Origin of ferocious
Examples from the Web for ferocious
The man behind the desk is a fictional character—a ferocious patriot exposing the limits of rigid ideology.The End of Truthiness: Stephen Colbert’s Sublime Finale|Noel Murray|December 19, 2014|DAILY BEAST
Instead they operated out of a vast network of tunnels, and the combat was as ferocious as any the IDF has seen for many years.
I saw a faint, sweet glimmer of the ferocious protector he once was.
All of this is playing out against a backdrop of ferocious political rivalries and discord in the capital of Sanaa.Obama’s ‘Yemen Model’ for the War on ISIS Is a Wreck|Shuaib Almosawa|September 12, 2014|DAILY BEAST
He seems uncomfortable in front of the camera but the moment he starts to rap he gains a ferocious confidence.
Beneath this disguise was concealed a keen knowledge of art, combined with a ferocious skill in bargaining.A Zola Dictionary|J. G. Patterson
In this manner did he indulge in the wild and uncouth glee of a savage as ferocious as he was powerful.The Dead Boxer|William Carleton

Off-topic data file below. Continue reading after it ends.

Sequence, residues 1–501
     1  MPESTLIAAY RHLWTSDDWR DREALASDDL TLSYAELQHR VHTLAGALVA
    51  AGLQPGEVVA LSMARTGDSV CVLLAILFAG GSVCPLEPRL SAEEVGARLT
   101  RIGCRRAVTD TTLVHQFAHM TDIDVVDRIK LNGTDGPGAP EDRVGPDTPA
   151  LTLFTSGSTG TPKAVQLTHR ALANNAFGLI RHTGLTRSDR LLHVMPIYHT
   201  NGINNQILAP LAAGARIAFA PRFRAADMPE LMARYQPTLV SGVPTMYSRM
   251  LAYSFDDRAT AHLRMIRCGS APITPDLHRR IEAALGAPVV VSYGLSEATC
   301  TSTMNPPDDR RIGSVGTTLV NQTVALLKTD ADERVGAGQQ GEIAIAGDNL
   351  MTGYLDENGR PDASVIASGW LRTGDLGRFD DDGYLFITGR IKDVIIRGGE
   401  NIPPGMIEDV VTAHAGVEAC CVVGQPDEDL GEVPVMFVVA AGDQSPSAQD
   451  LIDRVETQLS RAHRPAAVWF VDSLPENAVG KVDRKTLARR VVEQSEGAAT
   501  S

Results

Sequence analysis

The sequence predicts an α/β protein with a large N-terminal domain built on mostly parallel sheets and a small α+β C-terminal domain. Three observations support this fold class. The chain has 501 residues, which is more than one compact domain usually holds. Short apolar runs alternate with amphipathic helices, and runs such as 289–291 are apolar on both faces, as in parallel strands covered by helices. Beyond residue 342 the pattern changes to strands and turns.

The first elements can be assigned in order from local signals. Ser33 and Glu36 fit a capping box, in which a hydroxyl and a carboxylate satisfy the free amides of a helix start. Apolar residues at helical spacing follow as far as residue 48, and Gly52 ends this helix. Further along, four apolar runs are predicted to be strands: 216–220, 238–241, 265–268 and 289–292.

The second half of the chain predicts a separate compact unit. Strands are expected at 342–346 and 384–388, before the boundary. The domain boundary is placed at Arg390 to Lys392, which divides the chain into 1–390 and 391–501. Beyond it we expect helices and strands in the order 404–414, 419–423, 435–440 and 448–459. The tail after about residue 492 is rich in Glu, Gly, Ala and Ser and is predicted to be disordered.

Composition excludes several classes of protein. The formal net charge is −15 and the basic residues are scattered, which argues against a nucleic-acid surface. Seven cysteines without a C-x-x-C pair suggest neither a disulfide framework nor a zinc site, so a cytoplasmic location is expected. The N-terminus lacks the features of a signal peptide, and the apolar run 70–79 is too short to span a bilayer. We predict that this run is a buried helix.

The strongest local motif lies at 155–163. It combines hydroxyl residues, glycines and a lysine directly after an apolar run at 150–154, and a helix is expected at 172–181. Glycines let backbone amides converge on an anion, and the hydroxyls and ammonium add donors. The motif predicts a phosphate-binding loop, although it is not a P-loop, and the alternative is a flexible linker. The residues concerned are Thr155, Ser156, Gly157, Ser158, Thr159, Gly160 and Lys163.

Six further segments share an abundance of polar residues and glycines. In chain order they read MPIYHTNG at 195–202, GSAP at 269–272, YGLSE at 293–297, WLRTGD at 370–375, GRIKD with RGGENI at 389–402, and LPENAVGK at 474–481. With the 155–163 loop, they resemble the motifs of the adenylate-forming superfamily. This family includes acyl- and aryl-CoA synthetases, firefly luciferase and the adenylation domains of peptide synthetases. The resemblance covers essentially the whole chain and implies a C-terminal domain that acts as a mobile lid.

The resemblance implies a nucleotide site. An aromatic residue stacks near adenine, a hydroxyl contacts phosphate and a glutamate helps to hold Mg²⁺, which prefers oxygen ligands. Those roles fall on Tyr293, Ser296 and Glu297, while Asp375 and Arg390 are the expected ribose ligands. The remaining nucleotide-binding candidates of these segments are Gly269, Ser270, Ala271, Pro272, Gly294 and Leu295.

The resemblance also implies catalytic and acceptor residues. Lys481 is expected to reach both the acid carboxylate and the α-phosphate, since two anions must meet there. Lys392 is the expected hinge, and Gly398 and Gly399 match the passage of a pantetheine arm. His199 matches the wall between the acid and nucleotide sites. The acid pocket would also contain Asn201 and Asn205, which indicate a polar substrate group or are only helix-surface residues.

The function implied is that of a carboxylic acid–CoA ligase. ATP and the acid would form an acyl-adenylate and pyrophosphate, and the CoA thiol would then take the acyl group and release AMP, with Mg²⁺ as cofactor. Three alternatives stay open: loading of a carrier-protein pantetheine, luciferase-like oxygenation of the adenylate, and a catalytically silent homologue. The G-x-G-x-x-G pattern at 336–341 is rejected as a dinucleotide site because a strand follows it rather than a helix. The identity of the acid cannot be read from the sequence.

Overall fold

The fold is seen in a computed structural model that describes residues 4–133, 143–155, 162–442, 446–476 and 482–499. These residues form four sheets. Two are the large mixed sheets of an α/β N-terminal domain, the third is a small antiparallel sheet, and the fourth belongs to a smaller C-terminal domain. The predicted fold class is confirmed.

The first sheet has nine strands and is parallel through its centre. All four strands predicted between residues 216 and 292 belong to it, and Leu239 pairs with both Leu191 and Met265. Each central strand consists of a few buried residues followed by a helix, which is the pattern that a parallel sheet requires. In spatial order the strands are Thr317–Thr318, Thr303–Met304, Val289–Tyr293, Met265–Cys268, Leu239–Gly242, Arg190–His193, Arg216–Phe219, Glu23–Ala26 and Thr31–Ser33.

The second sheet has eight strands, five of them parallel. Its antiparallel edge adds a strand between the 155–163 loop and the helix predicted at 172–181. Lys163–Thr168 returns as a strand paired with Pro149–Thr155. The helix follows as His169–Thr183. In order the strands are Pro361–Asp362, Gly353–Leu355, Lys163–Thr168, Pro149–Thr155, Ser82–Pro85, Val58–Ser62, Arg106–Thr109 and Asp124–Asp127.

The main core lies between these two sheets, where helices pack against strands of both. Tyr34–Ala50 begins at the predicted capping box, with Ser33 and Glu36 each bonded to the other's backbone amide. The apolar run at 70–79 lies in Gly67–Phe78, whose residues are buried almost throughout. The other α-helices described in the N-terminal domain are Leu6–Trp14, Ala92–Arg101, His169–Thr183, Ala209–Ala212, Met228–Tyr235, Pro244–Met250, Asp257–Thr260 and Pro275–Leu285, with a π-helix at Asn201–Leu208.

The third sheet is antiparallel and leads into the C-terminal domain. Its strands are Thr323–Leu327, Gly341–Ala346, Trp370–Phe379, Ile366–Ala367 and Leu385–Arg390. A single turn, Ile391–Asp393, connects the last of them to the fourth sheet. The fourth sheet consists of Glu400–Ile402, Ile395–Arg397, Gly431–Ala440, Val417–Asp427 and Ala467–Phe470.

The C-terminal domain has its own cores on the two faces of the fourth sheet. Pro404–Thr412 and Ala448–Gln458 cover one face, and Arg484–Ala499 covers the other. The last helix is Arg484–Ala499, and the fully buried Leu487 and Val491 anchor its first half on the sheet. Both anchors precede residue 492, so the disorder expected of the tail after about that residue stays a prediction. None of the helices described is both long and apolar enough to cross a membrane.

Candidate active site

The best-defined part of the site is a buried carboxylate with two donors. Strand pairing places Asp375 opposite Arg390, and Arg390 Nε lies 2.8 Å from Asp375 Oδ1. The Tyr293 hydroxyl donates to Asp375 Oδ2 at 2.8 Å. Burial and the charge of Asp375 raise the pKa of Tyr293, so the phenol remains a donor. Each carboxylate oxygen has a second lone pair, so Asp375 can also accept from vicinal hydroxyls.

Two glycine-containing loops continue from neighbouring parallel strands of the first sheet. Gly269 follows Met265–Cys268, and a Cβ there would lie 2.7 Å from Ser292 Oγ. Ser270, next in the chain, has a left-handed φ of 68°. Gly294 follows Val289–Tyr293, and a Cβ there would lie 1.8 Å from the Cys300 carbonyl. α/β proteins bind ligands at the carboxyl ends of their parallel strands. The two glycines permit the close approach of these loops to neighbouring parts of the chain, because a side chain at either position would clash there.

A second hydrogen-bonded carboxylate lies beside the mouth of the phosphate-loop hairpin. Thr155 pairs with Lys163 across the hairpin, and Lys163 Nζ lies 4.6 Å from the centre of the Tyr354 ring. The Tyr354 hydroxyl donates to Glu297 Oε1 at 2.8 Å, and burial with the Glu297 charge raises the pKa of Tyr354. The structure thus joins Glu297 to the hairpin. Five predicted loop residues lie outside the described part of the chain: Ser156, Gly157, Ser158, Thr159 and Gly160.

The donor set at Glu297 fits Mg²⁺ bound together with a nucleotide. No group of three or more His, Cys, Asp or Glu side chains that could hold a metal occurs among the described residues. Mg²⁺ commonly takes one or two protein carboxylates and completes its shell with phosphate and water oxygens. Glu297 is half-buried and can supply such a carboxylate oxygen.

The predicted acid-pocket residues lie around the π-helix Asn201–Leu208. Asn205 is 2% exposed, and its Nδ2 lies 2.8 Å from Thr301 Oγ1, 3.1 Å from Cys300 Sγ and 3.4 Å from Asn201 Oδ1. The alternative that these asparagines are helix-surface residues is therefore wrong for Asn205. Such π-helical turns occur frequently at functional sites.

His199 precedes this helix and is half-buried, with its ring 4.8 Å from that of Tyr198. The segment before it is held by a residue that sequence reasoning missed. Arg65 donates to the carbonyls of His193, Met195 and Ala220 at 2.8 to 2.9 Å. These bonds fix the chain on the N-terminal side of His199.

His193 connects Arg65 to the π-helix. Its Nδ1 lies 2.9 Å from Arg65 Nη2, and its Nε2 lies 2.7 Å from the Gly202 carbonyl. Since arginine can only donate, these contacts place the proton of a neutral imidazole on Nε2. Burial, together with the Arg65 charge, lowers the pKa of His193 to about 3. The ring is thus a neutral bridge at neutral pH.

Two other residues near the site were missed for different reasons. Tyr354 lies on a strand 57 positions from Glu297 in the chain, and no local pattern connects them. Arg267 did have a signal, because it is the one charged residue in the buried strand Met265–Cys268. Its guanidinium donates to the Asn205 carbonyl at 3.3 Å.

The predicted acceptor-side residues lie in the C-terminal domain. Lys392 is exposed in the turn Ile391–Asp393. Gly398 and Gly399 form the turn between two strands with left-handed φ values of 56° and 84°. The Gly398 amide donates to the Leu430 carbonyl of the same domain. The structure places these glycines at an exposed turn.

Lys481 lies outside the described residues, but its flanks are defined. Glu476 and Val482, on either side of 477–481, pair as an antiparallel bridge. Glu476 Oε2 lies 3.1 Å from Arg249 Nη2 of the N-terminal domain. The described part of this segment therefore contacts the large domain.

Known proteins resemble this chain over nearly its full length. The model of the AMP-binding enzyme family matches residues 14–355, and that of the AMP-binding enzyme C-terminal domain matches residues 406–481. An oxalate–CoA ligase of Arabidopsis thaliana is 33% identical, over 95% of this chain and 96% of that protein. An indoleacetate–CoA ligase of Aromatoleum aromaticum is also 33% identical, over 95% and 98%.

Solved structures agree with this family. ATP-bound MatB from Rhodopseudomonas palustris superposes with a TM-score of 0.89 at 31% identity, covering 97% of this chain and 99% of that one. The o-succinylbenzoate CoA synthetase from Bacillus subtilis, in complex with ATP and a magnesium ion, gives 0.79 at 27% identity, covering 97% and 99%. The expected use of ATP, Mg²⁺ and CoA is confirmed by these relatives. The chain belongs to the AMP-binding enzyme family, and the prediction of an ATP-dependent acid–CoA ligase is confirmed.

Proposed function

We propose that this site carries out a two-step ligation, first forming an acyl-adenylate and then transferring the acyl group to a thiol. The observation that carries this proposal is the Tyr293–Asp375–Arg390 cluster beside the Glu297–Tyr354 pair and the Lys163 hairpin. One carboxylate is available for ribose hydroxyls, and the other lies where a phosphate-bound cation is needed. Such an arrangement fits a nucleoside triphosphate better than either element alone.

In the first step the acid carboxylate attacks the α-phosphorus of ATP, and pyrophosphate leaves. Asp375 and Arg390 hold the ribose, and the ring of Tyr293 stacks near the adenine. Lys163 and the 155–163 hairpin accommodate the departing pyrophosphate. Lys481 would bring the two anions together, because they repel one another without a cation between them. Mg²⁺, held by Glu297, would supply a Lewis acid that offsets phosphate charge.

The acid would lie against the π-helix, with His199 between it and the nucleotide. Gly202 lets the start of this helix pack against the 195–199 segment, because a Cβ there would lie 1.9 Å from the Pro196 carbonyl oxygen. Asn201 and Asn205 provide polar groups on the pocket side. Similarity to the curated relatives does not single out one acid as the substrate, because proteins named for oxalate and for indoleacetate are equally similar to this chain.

This is a ferocious and passionate version, but it is substantially not an unreal account of the position.Critical Miscellanies (Vol. 1 of 3)|John Morley
To-day I timidly approached one of the ferocious looking animals he writes about.From Edinburgh to India & Burmah|William G. Burn Murdoch
The raiding, party hurled itself into the trench, headed by an officer of ferocious mien.
British Dictionary definitions for ferocious
Word Origin for ferocious
Word Origin and History for ferocious
1640s, from Latin ferocis, oblique case of ferox "fierce, wild-looking" (see ferocity). Related: Ferociously; ferociousness.